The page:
11 October 2019
By Sarah Hughes
To campaign or not to campaign? Is that the question?
We are in a new era, and mental health is no longer the silent sister in health policy
When I first started out in my mental health career, mental health campaigns were rare. If I’m honest it felt more like activism in those early days, a sense that we were fighting to get mental health acknowledged. We fought to be taken seriously by policy makers and tried desperately to get services in the community off the ground. In the early 90s mental health absolutely got no airtime; it was spoken about in hushed tones in corners with shame and despair – or worse, with fear and recrimination.
We are in a new era, and mental health is no longer the silent sister in health policy. Phrases like #ItsOkNotToBeOk and #timetotalk are in our national consciousness. Mental health is regularly discussed on prime time television and I’ve written before about celebrity endorsement. How has this happened, bearing in mind we started from zero? Campaigns have contributed to this tipping point – but of course they have not, on their own, brought about the changes we’ve seen over the last decade. I think the shift has come from those with lived experience of mental health difficulty having courage to break the chains of shame and exclusion, sharing their stories in the relentless pursuit of equality. I think it’s the staff who have been working tirelessly every day to provide services, who undertake research and who have been lobbying government and decision makers for decades.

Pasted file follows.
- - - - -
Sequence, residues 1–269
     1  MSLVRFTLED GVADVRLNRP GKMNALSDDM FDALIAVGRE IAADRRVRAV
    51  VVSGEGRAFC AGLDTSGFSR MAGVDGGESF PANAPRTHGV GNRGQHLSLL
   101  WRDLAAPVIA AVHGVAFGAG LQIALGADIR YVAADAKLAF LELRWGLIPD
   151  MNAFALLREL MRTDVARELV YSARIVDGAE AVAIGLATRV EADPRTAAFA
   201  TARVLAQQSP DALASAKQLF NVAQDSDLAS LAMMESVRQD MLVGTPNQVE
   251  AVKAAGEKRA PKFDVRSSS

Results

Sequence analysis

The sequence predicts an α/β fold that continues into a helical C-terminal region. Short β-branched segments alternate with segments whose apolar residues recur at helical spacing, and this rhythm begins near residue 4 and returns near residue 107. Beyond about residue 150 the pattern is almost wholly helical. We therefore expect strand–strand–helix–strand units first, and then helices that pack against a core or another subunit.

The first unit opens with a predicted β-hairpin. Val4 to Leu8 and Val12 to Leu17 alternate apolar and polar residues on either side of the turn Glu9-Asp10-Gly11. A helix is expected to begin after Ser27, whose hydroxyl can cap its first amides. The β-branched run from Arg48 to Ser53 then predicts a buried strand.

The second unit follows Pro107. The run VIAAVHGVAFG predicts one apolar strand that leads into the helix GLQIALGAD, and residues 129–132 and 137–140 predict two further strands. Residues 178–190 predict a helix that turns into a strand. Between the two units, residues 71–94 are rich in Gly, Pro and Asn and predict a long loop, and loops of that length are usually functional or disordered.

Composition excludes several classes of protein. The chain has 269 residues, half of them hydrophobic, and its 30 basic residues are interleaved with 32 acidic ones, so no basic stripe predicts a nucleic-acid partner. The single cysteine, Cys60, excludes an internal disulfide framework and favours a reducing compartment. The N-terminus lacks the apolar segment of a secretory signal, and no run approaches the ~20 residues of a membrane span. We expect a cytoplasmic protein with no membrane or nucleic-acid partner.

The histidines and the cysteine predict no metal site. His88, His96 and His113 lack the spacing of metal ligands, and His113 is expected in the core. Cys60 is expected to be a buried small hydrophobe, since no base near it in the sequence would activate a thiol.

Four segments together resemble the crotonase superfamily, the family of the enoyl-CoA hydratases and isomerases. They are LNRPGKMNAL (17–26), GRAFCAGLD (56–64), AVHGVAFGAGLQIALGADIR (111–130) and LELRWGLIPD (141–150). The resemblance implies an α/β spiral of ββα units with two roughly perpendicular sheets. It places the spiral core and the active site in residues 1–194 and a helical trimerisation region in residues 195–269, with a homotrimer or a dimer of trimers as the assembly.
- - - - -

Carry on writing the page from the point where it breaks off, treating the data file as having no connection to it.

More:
the shift has come from those with lived experience of mental health difficulty having courage to break the chains of shame and exclusion, sharing their stories in the relentless pursuit of equality.
All of these things will happen pre- and post- these special days throughout the year: people and organisations are striving for change every day. There are peaks and troughs in terms of progress; there are days when I simply think ‘why don’t they get it?’ (‘They’ meaning everyone, mostly). I look at campaigns like #WMHD and agree that they are crucial in gaining public support. It’s been important to get the nation talking, to lean in on the things that help push through the stigma roadblock. The success of the campaigns has been that there are now more questions than ever. Someone recently asked me what was happening about prevention; I gave them the talk, they paused and said, ‘but you’re always rattling on about poverty and other stuff, what’s happening about that?’ The answer to this question is much less clear and if I’m honest, much more disappointing. It makes me wonder if mental health campaigns need to move focus, beyond awareness to something else – but what next? I’m not sure we have landed on the answer yet.
Don’t get me wrong: I’ve really enjoyed my days pushing the awareness messages, I’ve loved talking to people outside of mental health and seeing the penny drop. I respect those businesses who are hosting opportunities for their staff to be more open about their mental health challenges. Dare I say it though, I think we are all ready to go to the next level. If you know me, you won’t be surprised that I am hugely inspired by Extinction Rebellion. I agree that climate change needs radical action – but what would radical action look like in mental health?